Researchers have developed a stamp-sized device, comprising a suite of sensors, including ones that record body temperature and blood oxygen levels, an advance that can be used to catch early signs and symptoms of COVID-19, and help monitor patients as the illness progresses.
The scientists, including John A. Rogers from Northwestern University in the US, said they have tested the novel device on more than 50 physicians, rehabilitation specialists, and patients at the country’s Shirley Ryan AbilityLab and at the Northwestern Memorial Hospital.
According to an editorial, published in the journal Science Advances, the sticker-like medical device, which is of the size of a postage stamp, is soft, flexible, and sits just below the suprasternal notch — the visible dip at the base of the throat.
The scientists said this part of the throat is an ideal location for monitoring respiratory health using the device which is wireless and streams symptom data to physicians.
“The device measures very tiny vibrations on the skin and has an embedded temperature sensor for fever,” Rogers said. “As you cough and breathe, it counts coughs, monitors the intensity of cough and senses laboured breathing. The location on the throat also is close enough to the carotid artery that it can measure mechanical signatures of blood flow, monitoring heart rate,” he added.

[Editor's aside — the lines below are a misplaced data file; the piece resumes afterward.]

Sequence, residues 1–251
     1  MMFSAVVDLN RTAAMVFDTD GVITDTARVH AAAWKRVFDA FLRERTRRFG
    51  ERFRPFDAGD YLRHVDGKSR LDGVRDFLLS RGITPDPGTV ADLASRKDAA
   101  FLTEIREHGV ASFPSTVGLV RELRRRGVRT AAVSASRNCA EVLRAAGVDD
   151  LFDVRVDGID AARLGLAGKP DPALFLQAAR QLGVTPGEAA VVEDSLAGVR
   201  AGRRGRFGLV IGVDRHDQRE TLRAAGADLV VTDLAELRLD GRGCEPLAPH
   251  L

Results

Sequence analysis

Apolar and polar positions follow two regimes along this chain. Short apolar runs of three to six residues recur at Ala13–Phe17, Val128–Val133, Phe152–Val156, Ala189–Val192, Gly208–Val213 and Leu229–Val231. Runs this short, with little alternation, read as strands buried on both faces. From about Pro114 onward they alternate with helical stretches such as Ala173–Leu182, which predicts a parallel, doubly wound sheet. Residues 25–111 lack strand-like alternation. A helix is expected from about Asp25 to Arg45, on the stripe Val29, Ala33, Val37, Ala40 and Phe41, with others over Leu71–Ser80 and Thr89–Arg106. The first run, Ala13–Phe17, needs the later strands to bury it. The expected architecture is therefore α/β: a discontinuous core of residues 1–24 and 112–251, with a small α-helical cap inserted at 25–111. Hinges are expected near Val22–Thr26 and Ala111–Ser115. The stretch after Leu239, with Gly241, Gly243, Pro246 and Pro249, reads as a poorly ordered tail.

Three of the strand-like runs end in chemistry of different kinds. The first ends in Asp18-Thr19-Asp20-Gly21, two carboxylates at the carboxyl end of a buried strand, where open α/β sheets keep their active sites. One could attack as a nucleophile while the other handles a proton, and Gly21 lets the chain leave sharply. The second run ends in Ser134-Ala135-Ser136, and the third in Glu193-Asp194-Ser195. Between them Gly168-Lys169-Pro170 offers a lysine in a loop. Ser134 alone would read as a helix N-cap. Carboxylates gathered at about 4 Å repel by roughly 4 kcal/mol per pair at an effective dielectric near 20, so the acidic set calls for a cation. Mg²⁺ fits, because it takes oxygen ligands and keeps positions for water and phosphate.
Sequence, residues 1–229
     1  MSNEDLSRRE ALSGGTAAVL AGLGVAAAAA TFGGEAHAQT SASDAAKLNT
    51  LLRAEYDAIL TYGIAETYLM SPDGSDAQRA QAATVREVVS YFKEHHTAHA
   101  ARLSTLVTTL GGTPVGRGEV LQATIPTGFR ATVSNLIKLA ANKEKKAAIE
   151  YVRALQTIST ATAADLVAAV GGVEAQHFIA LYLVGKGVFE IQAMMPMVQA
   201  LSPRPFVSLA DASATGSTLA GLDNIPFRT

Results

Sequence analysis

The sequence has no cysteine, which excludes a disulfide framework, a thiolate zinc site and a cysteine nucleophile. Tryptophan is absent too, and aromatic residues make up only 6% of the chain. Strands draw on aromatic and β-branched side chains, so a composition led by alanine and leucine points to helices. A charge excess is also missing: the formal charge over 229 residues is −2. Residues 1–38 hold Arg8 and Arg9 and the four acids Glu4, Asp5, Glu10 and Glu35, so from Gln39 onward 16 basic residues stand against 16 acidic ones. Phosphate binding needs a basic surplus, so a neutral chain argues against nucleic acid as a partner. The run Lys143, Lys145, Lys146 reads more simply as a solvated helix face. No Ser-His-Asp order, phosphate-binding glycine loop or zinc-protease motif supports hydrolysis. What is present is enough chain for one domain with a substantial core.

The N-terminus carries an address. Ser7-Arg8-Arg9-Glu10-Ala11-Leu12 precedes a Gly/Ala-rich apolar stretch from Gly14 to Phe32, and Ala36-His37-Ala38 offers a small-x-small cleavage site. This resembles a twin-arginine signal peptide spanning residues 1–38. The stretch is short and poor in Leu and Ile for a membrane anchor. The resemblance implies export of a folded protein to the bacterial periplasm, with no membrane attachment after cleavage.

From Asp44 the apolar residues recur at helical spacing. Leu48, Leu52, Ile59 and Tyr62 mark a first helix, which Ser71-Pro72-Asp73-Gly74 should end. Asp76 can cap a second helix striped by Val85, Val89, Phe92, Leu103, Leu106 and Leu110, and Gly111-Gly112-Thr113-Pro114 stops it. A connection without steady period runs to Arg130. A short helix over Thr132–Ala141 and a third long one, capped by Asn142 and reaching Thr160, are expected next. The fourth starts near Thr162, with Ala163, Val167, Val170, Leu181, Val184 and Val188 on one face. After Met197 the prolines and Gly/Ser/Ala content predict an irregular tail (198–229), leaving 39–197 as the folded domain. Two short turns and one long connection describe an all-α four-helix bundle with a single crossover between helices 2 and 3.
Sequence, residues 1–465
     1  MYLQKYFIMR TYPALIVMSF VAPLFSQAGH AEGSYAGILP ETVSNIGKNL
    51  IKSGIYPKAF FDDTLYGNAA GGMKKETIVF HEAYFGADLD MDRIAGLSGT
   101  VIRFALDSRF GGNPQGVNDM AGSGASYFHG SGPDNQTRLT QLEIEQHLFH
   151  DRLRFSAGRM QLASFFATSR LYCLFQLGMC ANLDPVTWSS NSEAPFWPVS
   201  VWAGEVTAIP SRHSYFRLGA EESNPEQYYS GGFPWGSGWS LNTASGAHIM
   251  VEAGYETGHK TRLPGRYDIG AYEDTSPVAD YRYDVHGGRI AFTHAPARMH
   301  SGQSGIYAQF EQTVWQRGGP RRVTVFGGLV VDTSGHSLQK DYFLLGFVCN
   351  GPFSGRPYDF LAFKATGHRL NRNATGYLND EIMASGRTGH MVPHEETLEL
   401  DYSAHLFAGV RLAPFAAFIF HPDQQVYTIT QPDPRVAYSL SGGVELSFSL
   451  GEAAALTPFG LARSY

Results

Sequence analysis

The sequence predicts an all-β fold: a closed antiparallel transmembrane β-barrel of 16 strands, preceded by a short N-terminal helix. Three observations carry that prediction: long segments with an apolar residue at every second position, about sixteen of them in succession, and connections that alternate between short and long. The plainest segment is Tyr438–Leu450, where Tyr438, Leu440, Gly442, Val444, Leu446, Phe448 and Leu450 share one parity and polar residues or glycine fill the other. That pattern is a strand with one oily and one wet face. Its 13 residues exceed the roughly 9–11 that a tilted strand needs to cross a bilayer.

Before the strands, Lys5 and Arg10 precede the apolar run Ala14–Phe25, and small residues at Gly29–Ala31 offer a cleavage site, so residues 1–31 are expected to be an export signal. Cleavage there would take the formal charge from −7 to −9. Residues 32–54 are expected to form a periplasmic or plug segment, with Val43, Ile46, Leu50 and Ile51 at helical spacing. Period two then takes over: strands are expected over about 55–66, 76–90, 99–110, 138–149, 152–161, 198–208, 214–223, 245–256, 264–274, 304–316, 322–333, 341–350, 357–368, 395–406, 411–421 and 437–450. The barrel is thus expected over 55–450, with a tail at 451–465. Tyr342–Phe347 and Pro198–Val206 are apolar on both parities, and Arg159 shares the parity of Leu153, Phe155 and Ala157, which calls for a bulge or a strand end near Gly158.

Shuai Xu, a dermatologist at the Northwestern University, who is part of the research team, said the sensor system targets key symptoms for COVID-19, with the goal to identify the infection earlier in patients.
“It’s a suite of clinical-grade sensors wrapped into one small device. And once it’s placed on the throat, people don’t even realize that it’s there,” Xu said.
From tests conducted so far, the researchers said they have collected 3,000 hours of data, which they said will continue to strengthen the device’s algorithms.
Eventually, they believe the self-learning algorithms will become smart enough to distinguish between a COVID-like cough and more benign coughs from allergies, colds or dryness.
The researchers noted in a statement that they expect to test 500 subjects by the end of the year. “We are already seeing clear vital sign differences collected by the sensor between patients with COVID-19 and healthy-matched controls,” said Arun Jayaraman from Northwestern University, who leads the algorithm development.